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Michael Wilhoite
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Player spotlight: Seahawks LB Michael Wilhoite ready to step in for an injured Bobby Wagner if needed

Michael Wilhoite discusses his role this week during the Player Spotlight, which airs daily at 5 p.m. on "Danny, Dave and Moore."
LISTEN: Player Spotlight: Michael Wilhoite, Dec. 12, 2017

RENTON – The most important man on Seattle’s defense this week was selling athletic apparel in a Kansas mall this time five years ago.

In fact, Michael Wilhoite was considering enlisting in the military before he was signed to the San Francisco 49ers’ practice squad in 2011 after playing a season in the now-defunct United Football League.

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Now in his sixth NFL season, Wilhoite is preparing to step in at middle linebacker for a top candidate to win the league’s Defensive Player of the Year should Bobby Wagner be unable to play because of the hamstring injury.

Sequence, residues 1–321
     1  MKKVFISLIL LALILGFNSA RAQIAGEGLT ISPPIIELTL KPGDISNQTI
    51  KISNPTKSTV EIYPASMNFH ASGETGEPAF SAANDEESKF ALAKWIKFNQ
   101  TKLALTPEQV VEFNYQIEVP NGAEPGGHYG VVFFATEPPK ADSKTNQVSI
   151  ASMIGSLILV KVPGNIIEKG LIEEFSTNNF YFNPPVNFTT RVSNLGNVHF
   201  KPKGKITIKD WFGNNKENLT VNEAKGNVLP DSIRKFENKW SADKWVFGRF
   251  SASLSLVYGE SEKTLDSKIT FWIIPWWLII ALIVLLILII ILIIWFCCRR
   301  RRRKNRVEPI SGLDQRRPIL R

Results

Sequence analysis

Is Wilhoite ready?

“Yes, sir,” Wilhoite said. “Yes, sir. Been there before.”

That happened with San Francisco when the 49ers started losing their defensive mainstays like Patrick Willis, Navarro Bowman and Justin Smith.

After signing with Seattle as a free agent this year, Wilhoite is the starting strongside linebacker on a defense that has lost Kam Chancellor, Cliff Avril and Richard Sherman to injuries this season, and Wagner’s status is in doubt because of a hamstring injury that prevented him from practicing for three weeks and counting and forced him out of last Sunday’s game in the third quarter.

If Wagner is unable to play, Wilhoite is expected to move over from his position as a strongside linebacker.

“Michael Wilhoite is an experienced football player,” coach Pete Carroll said. “He doesn’t have any problem stepping into the role of calling stuff when he plays.”

Wilhoite made it to the NFL out of Washburn, a Division II school, and his experience in San Francisco – where he played for five seasons – taught him that he won’t be trying to replace what a specific teammate does so much as maintain a level of play.

“The thing is around here is a standard,” Wilhoite said, “and we’ve always said that and the coaches have always preached that. It’s a standard and just like everybody knows when you go home, there’s a certain standard and you have to live up to it whether you have before, you just know you have to. Either you live up to it or you have to get out of there.”